# Creating this "moving dot" effect

I played a game and noticed this really interesting UI effect on the background. The dots move around and randomly connect to each other.

I’d like to clarify that I’m absolutely not looking for code or someone to do this for me. I’m simply looking for a guide on where to start. Since right now I’m really not sure. It would be great if someone could guide me along the lines of creating something like this.

Here is the video:

Thank you.

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Math. Use Frames to form both lines and dots, basically the most challenging part would be getting the rotation of the line. Not gonna lie, I would like to make the same effect. I would be glad if you also sent the link to the game.

Me if I get my hands on this script:

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Really neat effect I gotta admit. Looking at it, it doesn’t seem too hard to implement (every start of a programmer’s hell ). Ight, let’s get real now, to spawn the dots, you can just use 1x1 frames or 2x2, basically see what fits you, spawn them randomly and for each one pick a random position every say, 3 seconds, and move it there, now that part is done, draw some lines, I looked closely in some points of the vid and doesn’t seem like it connects the closest dots but it does connect to some close ones, getting distances shouldn’t be too hard, just something like:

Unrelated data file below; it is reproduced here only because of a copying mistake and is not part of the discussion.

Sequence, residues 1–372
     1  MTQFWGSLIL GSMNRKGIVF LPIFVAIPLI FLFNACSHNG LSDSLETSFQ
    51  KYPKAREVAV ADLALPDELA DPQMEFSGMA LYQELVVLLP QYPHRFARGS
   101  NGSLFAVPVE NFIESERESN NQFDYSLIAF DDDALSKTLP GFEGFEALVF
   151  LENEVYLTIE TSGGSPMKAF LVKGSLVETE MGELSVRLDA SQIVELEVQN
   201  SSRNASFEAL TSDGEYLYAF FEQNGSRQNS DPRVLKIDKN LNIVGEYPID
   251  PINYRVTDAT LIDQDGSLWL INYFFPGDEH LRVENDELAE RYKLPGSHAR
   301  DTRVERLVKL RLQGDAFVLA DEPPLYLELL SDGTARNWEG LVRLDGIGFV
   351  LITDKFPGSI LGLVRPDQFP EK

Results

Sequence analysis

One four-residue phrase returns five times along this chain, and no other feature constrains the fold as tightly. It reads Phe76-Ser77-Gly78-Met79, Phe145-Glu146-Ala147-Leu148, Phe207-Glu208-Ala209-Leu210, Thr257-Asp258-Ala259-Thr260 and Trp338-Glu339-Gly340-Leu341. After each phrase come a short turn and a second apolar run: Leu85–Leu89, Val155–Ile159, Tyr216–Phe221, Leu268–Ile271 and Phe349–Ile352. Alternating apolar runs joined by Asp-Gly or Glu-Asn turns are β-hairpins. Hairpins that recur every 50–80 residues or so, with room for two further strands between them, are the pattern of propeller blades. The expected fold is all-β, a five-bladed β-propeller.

``````(p1.AbsolutePosition - p2.AbsolutePosition).Magnitude
``````

Where p1 and p2 are 2 different frames, you can then sort it using `table.sort()` and either choose the closest one or pick a random one from the, say, closest 5

That will be very expensive to compute, use things like a grid and only take distances from the closest, say 9 boxes, obviously the number will differ according to the grid size
Drawing lines between the circles won't be too hard so I don't think I need to go over it, it's just some trigonometry - math - so ya, although If you need help with it feel free to ask me.